"The Holy Father has made an unprecedented decision, certainly, which, beyond myself personally, represents an indication of an attention towards women," Francesca Di Giovanni said.

By Ian Horswill


Posted on January 16, 2020

Pope Francis has appointed an Italian lawyer as the first woman to hold a management position in the Vatican’s most important office.

Francesca Di Giovanni, 66, will serve as undersecretary for multilateral affairs in the Secretariat of State.

She will be responsible for co-ordinating the Holy See’s relations with groups including the UN.

Pope Francis has been vocal in his support for women holding greater positions of authority in the Vatican.

“I hope that my being a woman might reflect itself positively in this task, even if they are gifts that I certainly find in my male colleagues as well,” Di Giovanni told Vatican News.

Di Giovanni has worked for the Vatican for 27 years and has specialised in areas including migration and refugees, the status of women, intellectual property and tourism.

“The Holy Father has made an unprecedented decision, certainly, which, beyond myself personally, represents an indication of an attention towards women,” she said.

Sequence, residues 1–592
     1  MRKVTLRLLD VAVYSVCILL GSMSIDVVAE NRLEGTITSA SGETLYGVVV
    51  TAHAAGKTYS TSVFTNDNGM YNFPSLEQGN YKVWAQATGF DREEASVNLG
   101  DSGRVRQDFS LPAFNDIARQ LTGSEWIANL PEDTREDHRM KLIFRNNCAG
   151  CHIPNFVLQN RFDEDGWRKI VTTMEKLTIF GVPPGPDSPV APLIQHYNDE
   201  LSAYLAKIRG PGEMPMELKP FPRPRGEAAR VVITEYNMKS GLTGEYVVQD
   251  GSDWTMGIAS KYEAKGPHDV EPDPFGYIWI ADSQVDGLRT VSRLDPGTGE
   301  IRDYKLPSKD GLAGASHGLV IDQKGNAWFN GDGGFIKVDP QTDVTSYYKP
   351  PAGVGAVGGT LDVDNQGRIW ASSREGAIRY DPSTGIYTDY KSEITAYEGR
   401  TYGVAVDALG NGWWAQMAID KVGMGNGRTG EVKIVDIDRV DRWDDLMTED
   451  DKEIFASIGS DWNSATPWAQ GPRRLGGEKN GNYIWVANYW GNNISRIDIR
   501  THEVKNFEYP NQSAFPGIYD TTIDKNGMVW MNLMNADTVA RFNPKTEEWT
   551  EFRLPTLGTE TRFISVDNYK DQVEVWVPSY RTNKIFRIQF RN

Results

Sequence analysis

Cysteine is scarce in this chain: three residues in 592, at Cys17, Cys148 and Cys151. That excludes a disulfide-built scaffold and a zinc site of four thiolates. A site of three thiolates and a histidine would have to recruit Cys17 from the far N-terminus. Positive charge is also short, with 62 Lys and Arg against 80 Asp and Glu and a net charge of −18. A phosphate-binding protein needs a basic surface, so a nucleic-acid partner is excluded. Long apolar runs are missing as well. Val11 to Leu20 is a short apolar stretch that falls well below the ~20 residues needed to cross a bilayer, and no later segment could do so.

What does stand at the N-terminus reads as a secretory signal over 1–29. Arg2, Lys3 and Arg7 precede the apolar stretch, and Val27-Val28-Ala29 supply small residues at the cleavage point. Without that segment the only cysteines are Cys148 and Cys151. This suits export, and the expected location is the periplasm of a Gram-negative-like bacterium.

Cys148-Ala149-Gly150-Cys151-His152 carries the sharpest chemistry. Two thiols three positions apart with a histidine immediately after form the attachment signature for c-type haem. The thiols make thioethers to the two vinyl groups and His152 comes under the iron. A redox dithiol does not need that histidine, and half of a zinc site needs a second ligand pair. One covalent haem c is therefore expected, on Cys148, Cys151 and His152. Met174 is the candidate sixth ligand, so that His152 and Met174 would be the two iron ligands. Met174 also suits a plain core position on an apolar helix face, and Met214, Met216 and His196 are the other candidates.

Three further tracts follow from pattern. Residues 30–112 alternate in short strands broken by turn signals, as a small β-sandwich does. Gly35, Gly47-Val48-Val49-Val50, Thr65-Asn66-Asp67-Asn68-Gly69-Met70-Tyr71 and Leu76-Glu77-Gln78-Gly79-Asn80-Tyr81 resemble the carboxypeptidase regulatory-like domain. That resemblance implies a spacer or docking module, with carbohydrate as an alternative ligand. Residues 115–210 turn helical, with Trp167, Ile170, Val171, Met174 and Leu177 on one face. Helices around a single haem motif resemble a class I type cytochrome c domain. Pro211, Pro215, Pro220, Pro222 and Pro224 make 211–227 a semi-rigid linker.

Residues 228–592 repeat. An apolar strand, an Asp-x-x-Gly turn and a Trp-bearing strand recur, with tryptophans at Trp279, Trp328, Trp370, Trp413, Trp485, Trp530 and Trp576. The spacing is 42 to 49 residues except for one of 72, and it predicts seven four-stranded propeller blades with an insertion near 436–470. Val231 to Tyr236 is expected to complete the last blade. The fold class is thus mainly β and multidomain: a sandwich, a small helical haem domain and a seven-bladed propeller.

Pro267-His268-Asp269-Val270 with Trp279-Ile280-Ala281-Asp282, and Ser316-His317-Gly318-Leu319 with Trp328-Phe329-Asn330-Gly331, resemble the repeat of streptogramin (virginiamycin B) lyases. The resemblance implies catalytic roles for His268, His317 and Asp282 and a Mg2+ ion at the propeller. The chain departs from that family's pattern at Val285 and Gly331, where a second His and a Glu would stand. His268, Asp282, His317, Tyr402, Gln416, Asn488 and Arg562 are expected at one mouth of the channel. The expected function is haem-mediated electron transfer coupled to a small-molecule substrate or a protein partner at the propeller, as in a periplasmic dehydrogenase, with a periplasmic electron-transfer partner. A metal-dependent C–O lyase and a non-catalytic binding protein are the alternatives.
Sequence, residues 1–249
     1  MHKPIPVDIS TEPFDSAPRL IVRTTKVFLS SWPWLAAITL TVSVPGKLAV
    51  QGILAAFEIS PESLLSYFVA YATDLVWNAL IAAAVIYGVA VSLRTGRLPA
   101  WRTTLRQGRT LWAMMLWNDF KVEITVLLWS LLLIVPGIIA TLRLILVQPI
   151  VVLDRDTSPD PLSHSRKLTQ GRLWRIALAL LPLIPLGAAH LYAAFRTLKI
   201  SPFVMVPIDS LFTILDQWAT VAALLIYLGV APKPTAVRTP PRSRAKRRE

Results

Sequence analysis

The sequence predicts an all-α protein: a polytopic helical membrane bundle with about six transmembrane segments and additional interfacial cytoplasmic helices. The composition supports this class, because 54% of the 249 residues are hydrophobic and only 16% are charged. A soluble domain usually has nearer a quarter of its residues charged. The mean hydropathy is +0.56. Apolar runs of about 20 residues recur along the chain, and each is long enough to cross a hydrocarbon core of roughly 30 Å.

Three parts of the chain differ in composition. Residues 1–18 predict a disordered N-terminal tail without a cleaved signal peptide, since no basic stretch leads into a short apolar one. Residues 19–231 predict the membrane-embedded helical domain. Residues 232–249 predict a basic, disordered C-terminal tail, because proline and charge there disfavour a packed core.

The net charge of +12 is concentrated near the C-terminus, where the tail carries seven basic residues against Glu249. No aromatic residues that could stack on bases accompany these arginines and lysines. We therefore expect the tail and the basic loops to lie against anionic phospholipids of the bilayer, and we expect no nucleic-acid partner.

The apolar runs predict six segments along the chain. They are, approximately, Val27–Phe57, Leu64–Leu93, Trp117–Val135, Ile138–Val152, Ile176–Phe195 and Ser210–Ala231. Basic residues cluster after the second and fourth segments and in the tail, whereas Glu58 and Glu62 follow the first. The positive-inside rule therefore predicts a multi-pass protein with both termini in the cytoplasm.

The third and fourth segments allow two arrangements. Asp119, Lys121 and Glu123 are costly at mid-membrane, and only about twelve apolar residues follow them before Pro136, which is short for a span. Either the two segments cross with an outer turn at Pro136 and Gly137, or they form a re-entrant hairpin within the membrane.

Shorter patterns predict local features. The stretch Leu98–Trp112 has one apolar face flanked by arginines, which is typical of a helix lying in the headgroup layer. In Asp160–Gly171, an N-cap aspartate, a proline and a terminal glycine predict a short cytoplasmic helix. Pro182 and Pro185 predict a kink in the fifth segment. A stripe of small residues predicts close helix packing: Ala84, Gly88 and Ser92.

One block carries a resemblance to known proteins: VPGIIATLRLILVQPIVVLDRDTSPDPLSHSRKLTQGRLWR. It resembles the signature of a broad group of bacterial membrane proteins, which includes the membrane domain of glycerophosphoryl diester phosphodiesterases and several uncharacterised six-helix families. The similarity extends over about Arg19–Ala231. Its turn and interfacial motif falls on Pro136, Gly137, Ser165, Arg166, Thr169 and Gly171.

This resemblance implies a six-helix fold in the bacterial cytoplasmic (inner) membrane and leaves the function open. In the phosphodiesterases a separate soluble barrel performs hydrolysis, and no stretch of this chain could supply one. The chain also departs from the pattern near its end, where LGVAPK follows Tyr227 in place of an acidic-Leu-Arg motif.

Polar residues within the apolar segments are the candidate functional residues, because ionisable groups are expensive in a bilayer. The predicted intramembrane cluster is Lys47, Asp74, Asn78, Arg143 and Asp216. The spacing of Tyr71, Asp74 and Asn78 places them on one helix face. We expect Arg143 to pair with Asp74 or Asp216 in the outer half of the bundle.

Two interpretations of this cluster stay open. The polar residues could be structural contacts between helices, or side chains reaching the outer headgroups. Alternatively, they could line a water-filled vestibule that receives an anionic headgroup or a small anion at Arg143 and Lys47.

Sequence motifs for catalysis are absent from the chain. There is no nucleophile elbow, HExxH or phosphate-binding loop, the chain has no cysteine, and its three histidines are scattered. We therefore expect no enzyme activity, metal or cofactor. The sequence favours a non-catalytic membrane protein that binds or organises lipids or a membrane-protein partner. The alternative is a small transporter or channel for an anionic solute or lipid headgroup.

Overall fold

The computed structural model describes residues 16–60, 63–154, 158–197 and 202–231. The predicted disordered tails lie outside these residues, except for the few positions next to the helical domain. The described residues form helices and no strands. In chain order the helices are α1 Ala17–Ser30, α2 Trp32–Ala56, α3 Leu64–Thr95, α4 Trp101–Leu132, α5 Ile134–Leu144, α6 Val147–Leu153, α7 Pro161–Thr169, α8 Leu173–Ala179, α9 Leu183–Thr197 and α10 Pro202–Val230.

“I cannot fail to recall the words of the Holy Father in his homily on 1 January, in which he presented — we could say — a “tribute” to the role of women, saying that “women are givers and mediators of peace and should be fully included in decision-making processes. Because when women can share their gifts, the world finds itself more united, more peaceful”.

“I would like to be able to contribute to the realisation of the Holy Father’s vision, with my other colleagues who work in this area of the Secretariat of State, but also with other women — and there are many of them — who are working to build fraternity in this international dimension too. It is important to emphasise the Pope’s attention to the multilateral sector, questioned today by some, but which has a fundamental function in the international community.”

“A woman may have certain aptitudes for finding commonalities, healing relationships with unity at heart.

“But the responsibility is connected to the job, rather than to the fact of being a woman.”

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